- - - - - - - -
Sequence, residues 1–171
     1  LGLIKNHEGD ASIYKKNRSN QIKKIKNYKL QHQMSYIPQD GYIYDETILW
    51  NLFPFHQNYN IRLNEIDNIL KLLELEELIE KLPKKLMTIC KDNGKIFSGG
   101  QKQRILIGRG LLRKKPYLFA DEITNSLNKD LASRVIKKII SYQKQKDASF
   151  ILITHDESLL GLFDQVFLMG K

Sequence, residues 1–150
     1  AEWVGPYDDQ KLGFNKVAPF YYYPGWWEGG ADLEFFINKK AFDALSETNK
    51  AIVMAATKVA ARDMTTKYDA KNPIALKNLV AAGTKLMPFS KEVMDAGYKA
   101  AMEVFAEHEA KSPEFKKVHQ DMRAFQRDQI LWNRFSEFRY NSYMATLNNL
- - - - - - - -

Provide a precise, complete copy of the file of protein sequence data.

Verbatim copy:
Sequence, residues 1–171
     1  LGLIKNHEGD ASIYKKNRSN QIKKIKNYKL QHQMSYIPQD GYIYDETILW
    51  NLFPFHQNYN IRLNEIDNIL KLLELEELIE KLPKKLMTIC KDNGKIFSGG
   101  QKQRILIGRG LLRKKPYLFA DEITNSLNKD LASRVIKKII SYQKQKDASF
   151  ILITHDESLL GLFDQVFLMG K

Sequence, residues 1–150
     1  AEWVGPYDDQ KLGFNKVAPF YYYPGWWEGG ADLEFFINKK AFDALSETNK
    51  AIVMAATKVA ARDMTTKYDA KNPIALKNLV AAGTKLMPFS KEVMDAGYKA
   101  AMEVFAEHEA KSPEFKKVHQ DMRAFQRDQI LWNRFSEFRY NSYMATLNNL